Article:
Public Services > Central Government

EU GDPR: One year Left to Comply

Published 25 May 2017

With the clock now starting to tick louder down to GDPR, Richard Stiennon, chief strategy officer of Blancco Technology Group, sets out the steps organisations should take to achieve compliance


Today marks exactly a year until the EU GDPR, a game-changing data protection regulation, comes into force. It is comprised of many legal requirements, each of which is extremely complex and covers any type of Personally Identifiable Information (PII) that can be tied back to an individual. For example, citizens’ banking information, health records and government identify records.

The requirements are stringent and the penalties for non-compliance are severe; up to €20m or 4% of the organisation’s global turnover. As a result it will require a significant overhaul of IT infrastructure, processes and tools, and additional budget to be allocated to on-going compliance. Network, endpoint and data security measures will continue to be deployed where they’ve always been needed. However, they’ll also need to be deployed wherever they’ve been lacking because a financial calculation based on risk alone did not justify it.

There is no magic bullet for ensuring compliance. It is simply a case of putting in the time and working at it on an on-going basis. Therefore, with just a year to go most organisations will hopefully be deep into their preparations.  However, our research shows UK organisations have been slower to act than their European counterparts, with uncertainty around whether the legislation would apply after Brexit arising as a possible factor. For those who are just starting out, or are not as advanced in their preparation as they’d like, here are some actionable steps you can take to get back on track by 25th May, 2018.

Identify and locate all customer data that is stored both on-premise and off-site

The regulation calls for protecting that data.  It is hard to protect something you cannot find!  A key component of the regulation is the ‘right to be forgotten’, which gives individuals the right to have personal data erased “without undue delay”. Identifying all locations, databases and formats in which data is stored is half the battle in responding to these requests. Once all this data has been located the next step is to erase the data permanently so that it can never be recovered. Don’t be fooled into using insecure and unreliable data removal methods such as basic deletion and free data wiping solution that offers no verifiable proof that erasure has taken place. These may not be enough to demonstrate compliance with the regulations. Keep in mind the maxim: if there is no record, it did not happen when it comes to compliance.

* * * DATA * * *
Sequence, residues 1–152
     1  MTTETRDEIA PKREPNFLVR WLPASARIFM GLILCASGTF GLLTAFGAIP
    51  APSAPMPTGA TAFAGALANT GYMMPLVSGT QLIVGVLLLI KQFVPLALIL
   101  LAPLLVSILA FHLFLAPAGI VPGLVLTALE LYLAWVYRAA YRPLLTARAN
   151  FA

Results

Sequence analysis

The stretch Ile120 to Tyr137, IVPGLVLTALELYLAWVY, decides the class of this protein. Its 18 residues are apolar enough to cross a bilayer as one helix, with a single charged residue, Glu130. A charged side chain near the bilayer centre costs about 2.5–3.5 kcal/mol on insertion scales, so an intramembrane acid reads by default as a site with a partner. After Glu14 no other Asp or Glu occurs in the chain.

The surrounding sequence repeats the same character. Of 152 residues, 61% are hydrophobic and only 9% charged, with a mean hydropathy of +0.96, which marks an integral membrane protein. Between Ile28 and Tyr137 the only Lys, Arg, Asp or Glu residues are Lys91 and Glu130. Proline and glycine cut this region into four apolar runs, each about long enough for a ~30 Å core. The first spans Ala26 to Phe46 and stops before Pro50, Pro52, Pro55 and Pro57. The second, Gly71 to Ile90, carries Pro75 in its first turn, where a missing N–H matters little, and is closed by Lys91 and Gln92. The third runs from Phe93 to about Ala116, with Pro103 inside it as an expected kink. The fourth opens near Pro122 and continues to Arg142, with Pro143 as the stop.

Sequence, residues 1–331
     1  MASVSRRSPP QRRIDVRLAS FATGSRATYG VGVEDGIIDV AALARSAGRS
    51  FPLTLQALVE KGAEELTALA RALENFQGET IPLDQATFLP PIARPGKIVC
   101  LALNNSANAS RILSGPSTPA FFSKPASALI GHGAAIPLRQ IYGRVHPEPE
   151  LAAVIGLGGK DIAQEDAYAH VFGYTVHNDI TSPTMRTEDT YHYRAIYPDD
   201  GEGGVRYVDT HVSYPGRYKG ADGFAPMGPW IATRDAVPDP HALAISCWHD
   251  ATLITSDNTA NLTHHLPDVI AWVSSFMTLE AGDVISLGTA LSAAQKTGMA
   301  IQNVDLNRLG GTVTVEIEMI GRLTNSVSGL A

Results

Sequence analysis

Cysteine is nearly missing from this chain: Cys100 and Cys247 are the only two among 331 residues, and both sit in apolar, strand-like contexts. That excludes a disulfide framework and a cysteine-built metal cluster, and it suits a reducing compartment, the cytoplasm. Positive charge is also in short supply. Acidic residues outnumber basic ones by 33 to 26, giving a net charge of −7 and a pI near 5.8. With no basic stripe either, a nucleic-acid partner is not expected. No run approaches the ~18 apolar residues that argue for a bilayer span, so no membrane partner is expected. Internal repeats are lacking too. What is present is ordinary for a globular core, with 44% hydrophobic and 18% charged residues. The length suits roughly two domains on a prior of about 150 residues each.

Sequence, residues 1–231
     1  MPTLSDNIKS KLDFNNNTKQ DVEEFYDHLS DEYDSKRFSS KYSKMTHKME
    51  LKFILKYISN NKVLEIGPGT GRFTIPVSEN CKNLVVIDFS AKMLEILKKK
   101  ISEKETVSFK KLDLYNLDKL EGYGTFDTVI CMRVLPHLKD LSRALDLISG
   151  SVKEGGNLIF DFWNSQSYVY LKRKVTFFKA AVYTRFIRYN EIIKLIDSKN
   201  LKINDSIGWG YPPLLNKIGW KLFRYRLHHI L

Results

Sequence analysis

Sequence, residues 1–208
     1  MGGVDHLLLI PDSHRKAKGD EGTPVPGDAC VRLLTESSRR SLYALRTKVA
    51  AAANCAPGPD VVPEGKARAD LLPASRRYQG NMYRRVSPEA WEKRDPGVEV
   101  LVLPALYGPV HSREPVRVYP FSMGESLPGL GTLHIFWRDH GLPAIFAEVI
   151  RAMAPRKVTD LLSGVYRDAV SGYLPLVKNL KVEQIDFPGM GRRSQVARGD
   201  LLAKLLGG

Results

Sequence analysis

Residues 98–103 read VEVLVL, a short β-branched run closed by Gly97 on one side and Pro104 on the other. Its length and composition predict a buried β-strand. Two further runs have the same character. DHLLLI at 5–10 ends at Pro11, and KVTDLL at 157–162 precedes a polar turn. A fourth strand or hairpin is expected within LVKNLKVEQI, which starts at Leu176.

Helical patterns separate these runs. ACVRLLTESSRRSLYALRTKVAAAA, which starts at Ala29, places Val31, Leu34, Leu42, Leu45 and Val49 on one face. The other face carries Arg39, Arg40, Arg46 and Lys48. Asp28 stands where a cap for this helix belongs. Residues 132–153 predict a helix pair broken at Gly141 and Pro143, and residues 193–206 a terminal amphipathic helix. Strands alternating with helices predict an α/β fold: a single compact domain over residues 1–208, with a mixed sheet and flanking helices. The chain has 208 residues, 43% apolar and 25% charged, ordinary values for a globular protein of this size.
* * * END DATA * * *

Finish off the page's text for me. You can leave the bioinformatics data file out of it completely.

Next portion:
Determine who has access to data and the levels of control assigned to each individual

Restricting access to sensitive data only to those individuals who need to see it significantly reduces the overall threat envelope. This reduces the overall cost of on-going compliance monitoring and minimises the chances of an employee error resulting in a devastating data breach.

Establish written policies for data retention

These should specify exactly when, where and how data is to be permanently erased. For example, when citizens demand it, regulations require it or when the value of the retained data is less than the liability of holding on to it. Reducing the overall pool of data held by the organisation can diminish the number of data subjects impacted by a data security incident.

Hire a Data Protection Officer (DPO)

Depending on your organisation’s budget and resources this should be done in one of the following ways: a) hire a dedicated person to a newly created role b) assign these responsibilities to an existing employee c) outsource the role to a consultant. Whichever model you choose for the DPO, make sure this role is able to work across departments and is involved in all matters related to the protection of personal data in a proper and timely manner.

Conduct Regular Internal audits

Working closely with other stakeholders inside the organisation the DPO should regularly monitor how employees are collecting, storing and managing data across all stages of its lifecycle. Conducting internal audits on a regular basis will help identify gaps in data management and protection practices so that the necessary steps can be taken to improve upon such practices.

Keep communication channels open

The DPO should first notify their regional Data Protection Supervisor of their contact details and follow up with regular communications. When a breach occurs (and it will) the DPO has only 72 hours to notify the DPS.

 Richard Stiennon is chief strategy officer of Blancco Technology Group

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